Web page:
I started then seeing co-witnessing as a key contributor to solidarity or rather a precondition. Solidarity does not just happen. It requires a few things to be in place in order to happen and to lead to action. Witnessing without action is spectatorship and not different from being a bystander. It's not enough to see injustice. There are some key requirements for co-witnessing to take place. The first is understanding what is happening, and why is it happening. This requires an open mind. Co-witnessing and meaningful solidarity require an open mind that opens up your curiosity and enables you to find out the facts about what is happening and why is it happening. The second element is compassion. I'm not talking about empathy here, a lot of people confuse the two. Compassion means open heart, you start feeling and then you go into solidarity, which leads then to action and action means open will, the willingness to do something.


So, true solidarity can take place when we have an understanding of what is happening and have developed compassion, only then solidarity can lead to action. Here, compassion is the capacity to see, observe and feel, employing all our senses. We are not simply seeing, we are observing. Observation is not simple. Observation brings that element of analysis of “what's going on here”, so you can feel it, and then step back so you can then take reasoned action. Add anger for social justice, as the fuel to solidarity and as the follow up to true-co-witnessing and follow it up with the necessary act of stepping back before taking reasoned action, not to let anger to blind us….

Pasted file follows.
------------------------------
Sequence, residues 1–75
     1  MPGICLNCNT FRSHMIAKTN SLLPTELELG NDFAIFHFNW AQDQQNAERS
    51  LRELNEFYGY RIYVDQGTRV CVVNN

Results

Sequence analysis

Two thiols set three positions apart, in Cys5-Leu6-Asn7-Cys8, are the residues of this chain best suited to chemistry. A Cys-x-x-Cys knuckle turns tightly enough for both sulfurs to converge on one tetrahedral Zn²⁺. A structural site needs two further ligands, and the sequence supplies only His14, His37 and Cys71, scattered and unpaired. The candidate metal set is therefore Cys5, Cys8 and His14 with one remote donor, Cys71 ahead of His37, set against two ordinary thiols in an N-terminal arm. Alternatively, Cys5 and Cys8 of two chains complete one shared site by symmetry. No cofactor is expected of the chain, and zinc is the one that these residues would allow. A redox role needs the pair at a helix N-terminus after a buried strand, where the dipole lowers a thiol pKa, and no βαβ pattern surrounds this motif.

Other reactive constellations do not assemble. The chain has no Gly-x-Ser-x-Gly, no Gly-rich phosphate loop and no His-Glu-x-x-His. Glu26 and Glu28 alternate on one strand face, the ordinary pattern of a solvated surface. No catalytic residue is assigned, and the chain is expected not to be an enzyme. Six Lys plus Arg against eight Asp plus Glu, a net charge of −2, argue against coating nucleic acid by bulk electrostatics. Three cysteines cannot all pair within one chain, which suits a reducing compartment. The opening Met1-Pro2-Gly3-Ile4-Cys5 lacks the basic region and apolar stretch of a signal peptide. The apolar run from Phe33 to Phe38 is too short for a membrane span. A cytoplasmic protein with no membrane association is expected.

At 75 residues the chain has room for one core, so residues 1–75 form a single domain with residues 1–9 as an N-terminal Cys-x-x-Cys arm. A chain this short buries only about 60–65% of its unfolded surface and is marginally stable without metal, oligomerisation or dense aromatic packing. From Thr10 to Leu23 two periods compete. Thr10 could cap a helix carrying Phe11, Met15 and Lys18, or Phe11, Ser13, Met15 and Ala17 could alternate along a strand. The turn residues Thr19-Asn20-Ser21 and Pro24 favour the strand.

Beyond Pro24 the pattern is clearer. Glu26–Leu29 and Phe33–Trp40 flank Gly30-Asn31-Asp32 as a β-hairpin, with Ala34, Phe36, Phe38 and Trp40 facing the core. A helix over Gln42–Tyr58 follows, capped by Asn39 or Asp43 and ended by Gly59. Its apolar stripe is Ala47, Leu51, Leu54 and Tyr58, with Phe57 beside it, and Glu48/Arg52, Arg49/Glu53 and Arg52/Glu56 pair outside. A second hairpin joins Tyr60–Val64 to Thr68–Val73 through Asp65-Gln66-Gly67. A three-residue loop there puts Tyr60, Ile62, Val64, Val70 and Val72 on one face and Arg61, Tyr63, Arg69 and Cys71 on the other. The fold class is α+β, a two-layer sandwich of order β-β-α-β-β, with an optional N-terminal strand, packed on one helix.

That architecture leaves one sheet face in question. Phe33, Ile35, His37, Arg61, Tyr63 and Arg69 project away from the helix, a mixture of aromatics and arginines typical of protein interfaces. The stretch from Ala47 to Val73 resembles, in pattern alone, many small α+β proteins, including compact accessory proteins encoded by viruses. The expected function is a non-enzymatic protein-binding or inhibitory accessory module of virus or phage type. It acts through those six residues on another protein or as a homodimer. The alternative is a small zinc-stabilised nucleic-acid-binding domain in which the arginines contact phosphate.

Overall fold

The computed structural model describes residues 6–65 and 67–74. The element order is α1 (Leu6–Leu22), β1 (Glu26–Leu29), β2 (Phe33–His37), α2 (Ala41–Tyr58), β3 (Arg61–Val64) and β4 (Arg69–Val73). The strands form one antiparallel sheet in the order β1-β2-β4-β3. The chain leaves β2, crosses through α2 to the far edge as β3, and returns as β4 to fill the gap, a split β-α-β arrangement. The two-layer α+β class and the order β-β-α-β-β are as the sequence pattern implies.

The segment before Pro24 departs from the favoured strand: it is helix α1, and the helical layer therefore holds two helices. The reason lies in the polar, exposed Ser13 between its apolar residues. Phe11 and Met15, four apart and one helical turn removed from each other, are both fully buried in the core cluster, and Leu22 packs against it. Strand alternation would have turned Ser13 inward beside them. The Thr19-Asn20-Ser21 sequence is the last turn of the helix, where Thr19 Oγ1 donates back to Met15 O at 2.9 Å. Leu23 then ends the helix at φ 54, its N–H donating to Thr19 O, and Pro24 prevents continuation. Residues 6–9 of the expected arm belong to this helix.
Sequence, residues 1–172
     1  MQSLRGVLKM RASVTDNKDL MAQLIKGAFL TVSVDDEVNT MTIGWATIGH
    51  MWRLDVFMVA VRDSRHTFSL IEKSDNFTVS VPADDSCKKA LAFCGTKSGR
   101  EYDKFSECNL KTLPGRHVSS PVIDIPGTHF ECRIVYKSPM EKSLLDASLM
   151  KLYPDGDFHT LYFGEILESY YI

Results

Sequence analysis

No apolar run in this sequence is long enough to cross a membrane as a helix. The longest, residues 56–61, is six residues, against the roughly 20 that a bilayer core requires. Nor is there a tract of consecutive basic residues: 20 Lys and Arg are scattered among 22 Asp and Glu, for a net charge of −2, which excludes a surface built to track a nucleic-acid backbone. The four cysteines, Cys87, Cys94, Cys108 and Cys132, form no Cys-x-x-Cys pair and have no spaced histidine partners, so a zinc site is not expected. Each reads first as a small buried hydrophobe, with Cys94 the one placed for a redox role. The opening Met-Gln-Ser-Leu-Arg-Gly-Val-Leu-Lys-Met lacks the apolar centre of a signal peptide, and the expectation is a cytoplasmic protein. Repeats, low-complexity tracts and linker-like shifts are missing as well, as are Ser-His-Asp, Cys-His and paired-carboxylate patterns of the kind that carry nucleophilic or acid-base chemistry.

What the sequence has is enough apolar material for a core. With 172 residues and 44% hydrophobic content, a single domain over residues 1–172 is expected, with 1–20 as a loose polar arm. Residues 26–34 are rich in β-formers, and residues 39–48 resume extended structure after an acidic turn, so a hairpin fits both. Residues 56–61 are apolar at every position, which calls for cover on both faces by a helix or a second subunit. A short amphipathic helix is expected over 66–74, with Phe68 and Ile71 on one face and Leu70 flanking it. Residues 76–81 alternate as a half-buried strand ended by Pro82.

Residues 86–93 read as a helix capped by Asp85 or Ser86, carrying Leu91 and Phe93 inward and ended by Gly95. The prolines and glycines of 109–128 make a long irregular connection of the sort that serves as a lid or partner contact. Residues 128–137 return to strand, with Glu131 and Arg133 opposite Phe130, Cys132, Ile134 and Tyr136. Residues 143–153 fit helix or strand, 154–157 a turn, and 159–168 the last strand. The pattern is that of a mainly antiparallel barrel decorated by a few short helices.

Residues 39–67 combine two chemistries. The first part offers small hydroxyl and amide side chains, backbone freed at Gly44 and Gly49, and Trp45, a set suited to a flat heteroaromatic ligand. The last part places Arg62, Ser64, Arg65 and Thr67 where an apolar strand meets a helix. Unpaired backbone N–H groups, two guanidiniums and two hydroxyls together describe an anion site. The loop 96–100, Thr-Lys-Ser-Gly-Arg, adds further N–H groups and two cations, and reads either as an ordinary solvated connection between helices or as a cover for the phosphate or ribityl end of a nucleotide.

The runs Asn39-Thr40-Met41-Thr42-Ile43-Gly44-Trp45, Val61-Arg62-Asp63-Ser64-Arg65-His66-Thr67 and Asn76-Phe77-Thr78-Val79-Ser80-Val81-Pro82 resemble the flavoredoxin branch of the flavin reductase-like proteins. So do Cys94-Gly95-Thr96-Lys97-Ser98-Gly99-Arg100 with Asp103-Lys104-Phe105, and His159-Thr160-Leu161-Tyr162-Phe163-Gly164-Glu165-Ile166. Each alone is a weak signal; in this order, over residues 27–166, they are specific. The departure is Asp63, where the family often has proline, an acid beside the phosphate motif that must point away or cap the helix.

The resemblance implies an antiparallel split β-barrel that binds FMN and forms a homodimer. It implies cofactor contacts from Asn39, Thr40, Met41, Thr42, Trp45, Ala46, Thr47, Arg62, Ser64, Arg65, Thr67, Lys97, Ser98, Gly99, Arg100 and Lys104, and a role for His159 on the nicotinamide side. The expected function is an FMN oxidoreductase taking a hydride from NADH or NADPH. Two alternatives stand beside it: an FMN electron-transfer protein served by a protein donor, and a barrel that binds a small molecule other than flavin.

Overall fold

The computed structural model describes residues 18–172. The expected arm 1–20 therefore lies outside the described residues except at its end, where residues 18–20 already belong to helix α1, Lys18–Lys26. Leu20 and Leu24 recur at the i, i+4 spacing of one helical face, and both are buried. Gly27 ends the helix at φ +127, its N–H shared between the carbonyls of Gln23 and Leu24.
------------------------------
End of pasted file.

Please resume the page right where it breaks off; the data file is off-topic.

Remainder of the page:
We need to pay closer attention to this process of stepping back before taking reasoned action. This is not just, “Something terrible is happening and I'm just going to dive in and save the world”. The world, unfortunately, will not be saved in such a manner. We have had plenty of revolutions, but it takes a lot more to change meaningfully long-term systems of injustice. In taking reasoned action in the interest of another, solidarity becomes the ability to walk alongside someone else, to act with them, and yet recognize your ability to both know and not know their struggle. Nobody needs saviors!


This is where Otto Scharmer’s uLab presensing theory becomes very useful. He argues that we have multiple ways of listening, which are essential to witnessing and solidarity for social justice. You can either do it from habitual listening, listening just to the sound of the other person speaking we are all so accustomed to while using your own opinions to filter and interpret what the other person says. The other type of listening is factual listening and this is what he calls an open mind listening. When you listen with an open mind, you start paying attention to the differences. You become more open to discomfiting your old ways and opinions. Often, when we engage in conversations, this is the first thing we are imploring the other to do, “please be open-minded”.